The news from Mr Peter Obi of the death of Professor Dora Akunyili on the 7th of June in far away India, was not cheering and was indeed too painful to absorb. Till her death, I have not come across Dora in all my life, but I have heard and read and seen much of the reforms she introduced everywhere she went. She was like a harbinger of good tidings, spreading goodness in every path her feet strode.
Since her death, Nigerians of all shades and ethnic colourations have united together in grief and forgotten the #BringBackOurGirls refrain to sing lullaby for Dora, pouring encomiums on this amazon from the east, telling us, like Dorcas in the Bible, of her good qualities. Even the Federal Executive Council (FEC) was not left out. It joined the chorus and held a night of tribute for Dora at the Presidential Lodge even when she was not a member of the council.
With the outpouring of grief and praise, it is indeed good to be good, to do good and stand for good. Dora was like any of us, but she was unlike many of us because she chose to do good and stand for the truth. When Jesus Christ stood before Pilate and talked about the Truth, Pilate asked with scorn: What is Truth? He could ask that because he did not know the truth and refused not to know the truth.
But Dora knew the Truth and spoke the truth and lived the truth. She fleshed this out not by preaching about it or inveighing against it as our Politicians and Pastors and Mallams and Civil Servants and Police Officers and NEPA officers and courts and majority of us are wont to do. She lived it and practised it and breathed it all her life.
This is a woman that was given $17,000 by her establishment to go for medical checkup abroad but returned it when it was confirmed by American doctors that her ailment didn’t need an operation. How many of us could do that now, even including the clergy? This is a woman that couldn’t stomach nonsense, and went ahead to expose the cabal that worked against the emergence of Vice President Goodluck Jonathan as president on the demise of President Umaru Musa Yar’adua.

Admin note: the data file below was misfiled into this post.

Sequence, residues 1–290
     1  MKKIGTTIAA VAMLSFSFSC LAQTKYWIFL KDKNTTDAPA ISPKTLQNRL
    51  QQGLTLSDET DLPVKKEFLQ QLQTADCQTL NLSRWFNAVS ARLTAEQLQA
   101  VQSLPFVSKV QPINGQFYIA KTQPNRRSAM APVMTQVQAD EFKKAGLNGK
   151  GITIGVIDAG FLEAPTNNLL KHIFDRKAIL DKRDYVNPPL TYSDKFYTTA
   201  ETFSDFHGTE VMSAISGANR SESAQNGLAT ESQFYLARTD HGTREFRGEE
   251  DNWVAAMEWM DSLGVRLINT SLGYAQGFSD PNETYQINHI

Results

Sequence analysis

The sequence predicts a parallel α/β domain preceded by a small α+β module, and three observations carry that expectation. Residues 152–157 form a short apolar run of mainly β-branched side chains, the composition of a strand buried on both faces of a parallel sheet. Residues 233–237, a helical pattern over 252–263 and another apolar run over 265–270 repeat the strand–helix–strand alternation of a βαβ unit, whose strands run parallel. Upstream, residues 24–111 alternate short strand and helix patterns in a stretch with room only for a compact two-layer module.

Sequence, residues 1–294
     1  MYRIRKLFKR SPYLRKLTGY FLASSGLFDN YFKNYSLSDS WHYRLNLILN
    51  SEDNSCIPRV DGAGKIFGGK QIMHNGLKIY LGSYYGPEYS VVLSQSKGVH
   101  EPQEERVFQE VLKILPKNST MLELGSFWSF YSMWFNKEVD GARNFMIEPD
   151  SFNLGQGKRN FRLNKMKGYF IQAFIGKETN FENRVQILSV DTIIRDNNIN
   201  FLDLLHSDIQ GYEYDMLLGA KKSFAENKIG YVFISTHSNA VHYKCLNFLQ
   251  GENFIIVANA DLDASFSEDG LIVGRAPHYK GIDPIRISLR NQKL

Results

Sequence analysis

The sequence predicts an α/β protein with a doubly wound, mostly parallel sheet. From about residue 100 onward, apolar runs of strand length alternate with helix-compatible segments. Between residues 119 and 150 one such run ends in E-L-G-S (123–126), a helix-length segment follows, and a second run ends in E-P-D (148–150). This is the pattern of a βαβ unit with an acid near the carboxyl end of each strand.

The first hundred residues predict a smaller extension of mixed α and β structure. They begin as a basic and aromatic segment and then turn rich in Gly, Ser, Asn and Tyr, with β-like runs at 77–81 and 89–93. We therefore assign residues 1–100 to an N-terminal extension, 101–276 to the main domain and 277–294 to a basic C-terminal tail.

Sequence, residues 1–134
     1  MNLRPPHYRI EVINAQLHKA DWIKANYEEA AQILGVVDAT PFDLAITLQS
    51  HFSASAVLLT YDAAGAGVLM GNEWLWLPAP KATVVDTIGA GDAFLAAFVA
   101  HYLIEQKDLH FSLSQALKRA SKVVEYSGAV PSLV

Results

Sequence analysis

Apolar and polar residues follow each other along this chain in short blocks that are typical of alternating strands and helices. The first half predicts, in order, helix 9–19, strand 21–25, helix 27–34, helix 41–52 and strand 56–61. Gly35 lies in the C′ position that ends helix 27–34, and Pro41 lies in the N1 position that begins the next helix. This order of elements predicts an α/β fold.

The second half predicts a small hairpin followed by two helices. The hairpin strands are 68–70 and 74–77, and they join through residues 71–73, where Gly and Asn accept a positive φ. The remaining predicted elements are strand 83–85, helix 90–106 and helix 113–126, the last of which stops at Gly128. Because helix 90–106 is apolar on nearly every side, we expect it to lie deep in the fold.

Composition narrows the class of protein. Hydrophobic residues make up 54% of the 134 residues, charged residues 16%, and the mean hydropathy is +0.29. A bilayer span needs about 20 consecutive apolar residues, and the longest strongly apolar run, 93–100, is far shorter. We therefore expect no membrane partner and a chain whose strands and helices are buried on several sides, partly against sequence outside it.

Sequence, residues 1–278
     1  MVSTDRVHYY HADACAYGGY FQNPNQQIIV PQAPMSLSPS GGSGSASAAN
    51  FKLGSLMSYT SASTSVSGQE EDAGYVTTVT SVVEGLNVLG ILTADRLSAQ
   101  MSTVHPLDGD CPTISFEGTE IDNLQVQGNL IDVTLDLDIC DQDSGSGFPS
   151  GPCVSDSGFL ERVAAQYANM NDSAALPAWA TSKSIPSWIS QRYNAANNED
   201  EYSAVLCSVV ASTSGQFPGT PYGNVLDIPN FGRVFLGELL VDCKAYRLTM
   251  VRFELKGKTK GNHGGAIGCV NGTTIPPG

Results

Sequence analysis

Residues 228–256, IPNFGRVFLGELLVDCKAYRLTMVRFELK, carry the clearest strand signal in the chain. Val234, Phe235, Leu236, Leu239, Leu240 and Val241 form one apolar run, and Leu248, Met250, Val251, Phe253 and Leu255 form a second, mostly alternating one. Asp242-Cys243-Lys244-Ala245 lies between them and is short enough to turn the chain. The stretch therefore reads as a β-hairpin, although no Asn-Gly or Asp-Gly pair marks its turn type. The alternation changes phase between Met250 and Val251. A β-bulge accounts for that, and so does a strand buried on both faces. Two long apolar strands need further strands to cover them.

But many of our so called honourable men in the National Assembly knew the correct thing to do, which was(and is) to swear in the Vice President when the President dies or is incapacitated for any reason to perform his assignments. But they needed Dora to heckle and hector them and wake them up from their feigned slumber to the reality of the constitution.
How can we imbibe the virtues of Dora beyond mere sloganeering? How can we immortalise this dogged and brilliant fighter who, for the love of the fatherland, risked her life to see that Nigeria—the country of her birth—lived above parochialism, corruption and inefficiency? It is by standing for the truth and doing the needful. It is by standing for excellence and merit as against favouritism. It by showing love to the weak and weakening those that are strong through honesty and humility—rare attributes that Dora had aplenty.
Dora’s death would not be in vain for us as a nation if we could learn to live for what she stood for. She came to teach us that life should be lived in the service of humanity.